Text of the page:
The literature on development planning and urban social movements tends to overlook the important questions of how gender inequalities are reproduced in community structures, why more men are in community leadership roles than women, and how this determines policy agendas in general and women’s participation in particular. Urban planners may applaud increases in local power — such as in the role of local governments, officially designated community representatives, and social movements — without considering how local power is structured along gender lines, and the differential effects of the restructuring of communities for women and men. In other words, an increase in local power may not automatically translate into power for women.
What policymakers may regard as a more productive local economy may instead be a shifting of costs from the paid to the unpaid economy, much of which falls upon women. In terms of local power and community action, it is important to engender analyses of local power structures as well as broaden the scope of the question: for men and women’s organizations, empowerment begins by addressing inequalities within their families as well as in society at large.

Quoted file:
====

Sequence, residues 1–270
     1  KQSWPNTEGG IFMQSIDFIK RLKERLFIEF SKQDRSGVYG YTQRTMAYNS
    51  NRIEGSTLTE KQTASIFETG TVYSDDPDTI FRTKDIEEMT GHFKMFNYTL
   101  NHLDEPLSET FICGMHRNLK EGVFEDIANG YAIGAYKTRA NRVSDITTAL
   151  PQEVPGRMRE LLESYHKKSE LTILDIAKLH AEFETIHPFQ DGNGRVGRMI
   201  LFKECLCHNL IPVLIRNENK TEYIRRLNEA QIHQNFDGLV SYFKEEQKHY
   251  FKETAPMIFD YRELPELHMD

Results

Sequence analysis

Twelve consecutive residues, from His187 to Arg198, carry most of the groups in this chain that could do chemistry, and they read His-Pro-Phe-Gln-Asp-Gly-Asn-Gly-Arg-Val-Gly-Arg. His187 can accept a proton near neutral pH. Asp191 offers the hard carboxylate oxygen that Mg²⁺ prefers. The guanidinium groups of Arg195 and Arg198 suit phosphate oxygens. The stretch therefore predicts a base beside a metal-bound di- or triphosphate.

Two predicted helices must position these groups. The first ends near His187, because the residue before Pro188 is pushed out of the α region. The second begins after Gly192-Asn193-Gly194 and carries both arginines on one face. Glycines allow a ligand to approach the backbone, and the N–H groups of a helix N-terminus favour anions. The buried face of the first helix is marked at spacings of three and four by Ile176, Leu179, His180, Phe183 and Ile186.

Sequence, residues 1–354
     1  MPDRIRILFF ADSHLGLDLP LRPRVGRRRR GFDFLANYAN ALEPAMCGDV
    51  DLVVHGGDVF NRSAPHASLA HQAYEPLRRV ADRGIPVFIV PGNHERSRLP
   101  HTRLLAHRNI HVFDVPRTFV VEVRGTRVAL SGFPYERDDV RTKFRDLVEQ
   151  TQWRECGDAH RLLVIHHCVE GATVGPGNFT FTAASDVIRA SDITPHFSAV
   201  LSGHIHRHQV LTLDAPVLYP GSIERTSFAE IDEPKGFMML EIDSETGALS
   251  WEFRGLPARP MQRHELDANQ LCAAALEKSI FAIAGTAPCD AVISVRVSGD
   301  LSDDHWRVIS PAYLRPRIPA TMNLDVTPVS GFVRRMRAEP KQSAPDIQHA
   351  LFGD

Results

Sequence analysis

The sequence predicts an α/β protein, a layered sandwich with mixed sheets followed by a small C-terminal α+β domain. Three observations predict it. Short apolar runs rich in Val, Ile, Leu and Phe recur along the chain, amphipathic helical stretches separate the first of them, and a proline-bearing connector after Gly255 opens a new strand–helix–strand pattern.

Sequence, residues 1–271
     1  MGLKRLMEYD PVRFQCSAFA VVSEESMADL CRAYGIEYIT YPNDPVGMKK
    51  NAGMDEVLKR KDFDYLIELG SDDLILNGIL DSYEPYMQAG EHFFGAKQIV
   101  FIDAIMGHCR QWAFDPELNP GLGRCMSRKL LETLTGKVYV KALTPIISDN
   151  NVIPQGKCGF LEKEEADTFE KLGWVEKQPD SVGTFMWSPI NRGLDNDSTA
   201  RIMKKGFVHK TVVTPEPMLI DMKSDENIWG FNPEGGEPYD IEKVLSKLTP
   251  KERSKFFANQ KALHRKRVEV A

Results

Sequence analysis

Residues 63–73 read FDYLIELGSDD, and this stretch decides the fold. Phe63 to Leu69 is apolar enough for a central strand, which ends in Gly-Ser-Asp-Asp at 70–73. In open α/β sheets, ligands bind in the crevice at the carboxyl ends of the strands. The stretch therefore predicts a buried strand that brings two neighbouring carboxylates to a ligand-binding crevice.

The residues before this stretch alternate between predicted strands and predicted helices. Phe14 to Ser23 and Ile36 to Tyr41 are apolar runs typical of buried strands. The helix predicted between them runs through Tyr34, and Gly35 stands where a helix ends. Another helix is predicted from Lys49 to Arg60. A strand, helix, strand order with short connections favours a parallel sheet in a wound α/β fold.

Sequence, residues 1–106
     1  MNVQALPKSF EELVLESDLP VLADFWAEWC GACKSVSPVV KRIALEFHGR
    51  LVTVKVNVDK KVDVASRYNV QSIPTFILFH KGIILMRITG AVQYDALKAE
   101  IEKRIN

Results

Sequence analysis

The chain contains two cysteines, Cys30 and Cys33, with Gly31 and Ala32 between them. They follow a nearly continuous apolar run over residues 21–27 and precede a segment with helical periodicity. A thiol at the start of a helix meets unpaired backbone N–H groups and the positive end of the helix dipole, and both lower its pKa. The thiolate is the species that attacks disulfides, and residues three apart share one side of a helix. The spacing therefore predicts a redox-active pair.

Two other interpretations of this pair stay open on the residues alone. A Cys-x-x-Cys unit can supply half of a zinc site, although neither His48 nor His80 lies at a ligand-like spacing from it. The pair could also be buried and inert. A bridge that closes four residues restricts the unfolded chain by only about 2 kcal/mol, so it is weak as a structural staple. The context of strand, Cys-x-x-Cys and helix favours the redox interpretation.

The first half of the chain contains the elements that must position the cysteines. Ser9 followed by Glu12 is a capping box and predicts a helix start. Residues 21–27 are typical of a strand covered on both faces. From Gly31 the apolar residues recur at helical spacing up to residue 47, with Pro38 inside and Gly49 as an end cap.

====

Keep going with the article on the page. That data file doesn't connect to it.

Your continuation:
The new decentralization laws in Bolivia demonstrate the tensions that local communities face when they must develop a cohesive strategy vis-“-vis the national state and also address unequal power relations within the communities themselves. One way to understand the gender aspects of this process is to broaden working definitions of community development and planning to encompass both formal and informal, or both institutionalized and grassroots, planning practices. Bolivian feminist policymakers and activists have been at the forefront of pushing for this type of definition in the new laws and planning practices in the country; the gender effects of these laws will depend largely upon the ways in which local communities negotiate and implement this process, and upon the extent to which women integrate themselves into decisionmaking positions and influence local leadership.
While feminist planners and social scientists have contributed significantly to these debates on neoliberal reform, much has yet to be done to incorporate these insights into broader policy discussions. What kind of strategies can be supported and/or developed to foster a more equitable distribution of resources and political power among men and women at local levels?